Julia Child's Go-To Nonstick Pan Is Both Affordable And Dependable

Through her many cooking programs and engrossing cookbooks, beloved chef and master of French cuisine Julia Child has left a lasting legacy on the culinary world. Even to this day, home cooks and professional chefs alike still draw on her for inspiration. For example, despite being more than three decades old, her 1989 cookbook, "The Way To Cook," is still a relevant resource for delicious recipes and trusted cooking techniques. It's also teeming with countless kitchen tips, including her sage advice for one of the best types of pans to cook with: the Vollrath Wear-Ever nonstick fry pan.

The Wisconsin-based brand, Vollrath Foodservice, has been churning out high-quality kitchen equipment and cooking staples since 1874. Its Wear-Ever cookware line comes in all shapes and sizes, from hefty stock and sauce pots to saute pans and vegetable steamers — all of which are made of durable aluminum and are relatively affordable, considering their long life (Child's pick retails for around $100). The company's fry pan is also available in a variety of options, including 7-, 8-, 10-, 12-, and 14-inch sizes, as well as multiple types of finishes, such as natural and nonstick, the latter of which was Child's preferred pan of choice — at least when it came to making omelets.

The Wear-Ever was Julia Child's go-to for omelets

Julia Child's trick for creamier scrambles, which involves cooking raw eggs in phases rather than all at once, may have been her hack for whipping up the popular breakfast food. But, when it came to making the perfect omelet, her Wear-Ever nonstick fry pan was undoubtedly the chef's secret weapon, namely for its smooth finish. 

Nonstick cookware made of Teflon didn't become a household staple until the '60s, so Child — who was born in 1912 — wasn't able to get her hands on the frictionless skillets until she was well into her cooking career. As she shared in "The Way To Cook," she found it rather difficult to find the right omelet pan before nonstick pans became mainstays in kitchens.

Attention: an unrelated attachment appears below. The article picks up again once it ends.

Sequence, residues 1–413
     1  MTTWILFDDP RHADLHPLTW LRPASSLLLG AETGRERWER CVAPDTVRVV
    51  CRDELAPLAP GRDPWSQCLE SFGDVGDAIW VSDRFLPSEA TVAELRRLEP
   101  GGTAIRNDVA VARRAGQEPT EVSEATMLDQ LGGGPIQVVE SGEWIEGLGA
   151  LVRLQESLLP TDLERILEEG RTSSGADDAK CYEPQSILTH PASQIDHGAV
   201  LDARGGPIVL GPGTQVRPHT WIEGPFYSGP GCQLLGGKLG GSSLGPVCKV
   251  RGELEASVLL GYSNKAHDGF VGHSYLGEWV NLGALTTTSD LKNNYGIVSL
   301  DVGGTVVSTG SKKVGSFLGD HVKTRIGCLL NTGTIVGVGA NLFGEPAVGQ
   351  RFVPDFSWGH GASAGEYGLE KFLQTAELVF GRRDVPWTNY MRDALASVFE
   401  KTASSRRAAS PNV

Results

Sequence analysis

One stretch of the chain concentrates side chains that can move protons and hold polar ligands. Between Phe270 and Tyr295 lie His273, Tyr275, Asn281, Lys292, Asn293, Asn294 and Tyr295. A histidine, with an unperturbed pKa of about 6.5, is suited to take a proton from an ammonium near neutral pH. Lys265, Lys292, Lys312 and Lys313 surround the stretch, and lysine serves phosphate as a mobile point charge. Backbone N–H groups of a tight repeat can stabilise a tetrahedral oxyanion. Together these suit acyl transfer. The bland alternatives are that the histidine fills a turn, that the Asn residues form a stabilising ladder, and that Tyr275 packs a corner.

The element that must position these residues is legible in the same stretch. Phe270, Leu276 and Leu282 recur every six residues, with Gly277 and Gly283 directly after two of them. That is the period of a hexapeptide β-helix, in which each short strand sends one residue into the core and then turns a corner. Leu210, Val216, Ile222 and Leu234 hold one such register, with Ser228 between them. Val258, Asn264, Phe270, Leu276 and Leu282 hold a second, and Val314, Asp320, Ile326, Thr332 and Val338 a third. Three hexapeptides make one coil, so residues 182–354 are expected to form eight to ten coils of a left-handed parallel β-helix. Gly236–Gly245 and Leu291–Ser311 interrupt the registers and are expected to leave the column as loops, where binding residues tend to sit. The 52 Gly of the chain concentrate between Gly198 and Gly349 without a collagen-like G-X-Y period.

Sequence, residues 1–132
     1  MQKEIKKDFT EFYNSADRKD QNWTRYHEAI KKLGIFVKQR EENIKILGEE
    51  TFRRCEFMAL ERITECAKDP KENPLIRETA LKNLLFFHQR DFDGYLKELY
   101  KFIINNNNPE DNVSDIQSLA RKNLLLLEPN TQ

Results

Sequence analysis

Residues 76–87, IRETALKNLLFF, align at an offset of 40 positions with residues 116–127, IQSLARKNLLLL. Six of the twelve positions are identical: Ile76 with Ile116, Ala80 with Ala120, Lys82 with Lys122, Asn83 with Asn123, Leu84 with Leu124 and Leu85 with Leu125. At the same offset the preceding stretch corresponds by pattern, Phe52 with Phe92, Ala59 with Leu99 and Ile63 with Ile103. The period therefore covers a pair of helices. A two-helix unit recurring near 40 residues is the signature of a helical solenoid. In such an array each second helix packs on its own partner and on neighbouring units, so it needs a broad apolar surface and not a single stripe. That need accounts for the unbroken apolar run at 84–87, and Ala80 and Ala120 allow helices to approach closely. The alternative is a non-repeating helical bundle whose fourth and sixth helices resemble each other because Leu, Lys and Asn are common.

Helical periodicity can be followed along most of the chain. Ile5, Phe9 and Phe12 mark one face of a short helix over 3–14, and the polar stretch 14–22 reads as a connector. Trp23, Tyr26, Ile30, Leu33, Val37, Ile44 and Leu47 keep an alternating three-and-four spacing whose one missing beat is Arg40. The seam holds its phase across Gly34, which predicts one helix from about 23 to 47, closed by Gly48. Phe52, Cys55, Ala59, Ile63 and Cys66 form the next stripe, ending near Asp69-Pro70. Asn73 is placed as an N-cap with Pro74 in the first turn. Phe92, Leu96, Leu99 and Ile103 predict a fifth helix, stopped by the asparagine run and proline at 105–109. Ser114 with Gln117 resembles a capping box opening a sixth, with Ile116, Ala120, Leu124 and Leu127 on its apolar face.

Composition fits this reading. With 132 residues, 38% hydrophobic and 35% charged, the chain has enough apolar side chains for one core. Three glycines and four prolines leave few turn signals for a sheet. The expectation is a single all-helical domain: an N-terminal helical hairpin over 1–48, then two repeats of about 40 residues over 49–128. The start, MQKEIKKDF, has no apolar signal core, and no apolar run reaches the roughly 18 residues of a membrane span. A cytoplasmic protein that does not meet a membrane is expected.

Even though French iron pans were renowned for their ability to give omelets "the right color and consistency," she noted that they were hard to come by in the U.S. Since legendary chef and "omelet practitioner" Dione Lucas preferred using an aluminum pan when making the classic breakfast dish, Child decided to follow suit, opting for the 10-inch Wear-Ever pan to get the job done.

Julia also loved her copper pans

Julia Child may have been a fan of Vollrath's smooth-surfaced aluminum skillet, but her affinity for copper pans is pretty hard to ignore. Rows upon rows of them hung from the blue-painted pegboard erected in the kitchen of her Cambridge, Massachusetts home. The cookbook author preferred the heavy-duty material because it was a good heat conductor, proclaiming in her 1961 book, "Mastering The Art Of French Cooking" that copper cookware was "the most satisfactory of all to cook in." 

However, she did admit the material had its drawbacks, specifically that copper was especially prone to tarnishing. However, Child said this issue could easily be remedied by tackling the pan with a steel wool scrubber and a homemade cleaning mixture combining a half-cup of white vinegar mixed with a quarter-cup each of table salt and scouring powder. 

In addition to the Wear-Ever pan and a humble copper pot, Child listed her other favorite pan as none other than the dependable cast iron skillet, which she said was "the best all-purpose material" — second only to heavy copper.